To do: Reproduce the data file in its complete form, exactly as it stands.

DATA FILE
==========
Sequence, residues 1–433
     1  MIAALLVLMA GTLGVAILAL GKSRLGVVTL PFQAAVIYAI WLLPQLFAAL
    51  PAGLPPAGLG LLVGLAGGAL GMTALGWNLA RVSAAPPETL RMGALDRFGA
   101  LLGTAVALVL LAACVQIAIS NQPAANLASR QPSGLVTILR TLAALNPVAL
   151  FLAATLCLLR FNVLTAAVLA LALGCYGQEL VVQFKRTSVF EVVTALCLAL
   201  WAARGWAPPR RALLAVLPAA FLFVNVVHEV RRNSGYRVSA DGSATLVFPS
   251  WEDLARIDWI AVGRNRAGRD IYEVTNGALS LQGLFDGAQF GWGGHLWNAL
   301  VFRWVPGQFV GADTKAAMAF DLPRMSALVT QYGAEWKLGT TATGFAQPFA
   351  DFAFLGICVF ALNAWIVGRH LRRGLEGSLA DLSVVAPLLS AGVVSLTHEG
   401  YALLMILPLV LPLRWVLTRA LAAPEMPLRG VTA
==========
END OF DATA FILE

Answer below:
Sequence, residues 1–433
     1  MIAALLVLMA GTLGVAILAL GKSRLGVVTL PFQAAVIYAI WLLPQLFAAL
    51  PAGLPPAGLG LLVGLAGGAL GMTALGWNLA RVSAAPPETL RMGALDRFGA
   101  LLGTAVALVL LAACVQIAIS NQPAANLASR QPSGLVTILR TLAALNPVAL
   151  FLAATLCLLR FNVLTAAVLA LALGCYGQEL VVQFKRTSVF EVVTALCLAL
   201  WAARGWAPPR RALLAVLPAA FLFVNVVHEV RRNSGYRVSA DGSATLVFPS
   251  WEDLARIDWI AVGRNRAGRD IYEVTNGALS LQGLFDGAQF GWGGHLWNAL
   301  VFRWVPGQFV GADTKAAMAF DLPRMSALVT QYGAEWKLGT TATGFAQPFA
   351  DFAFLGICVF ALNAWIVGRH LRRGLEGSLA DLSVVAPLLS AGVVSLTHEG
   401  YALLMILPLV LPLRWVLTRA LAAPEMPLRG VTA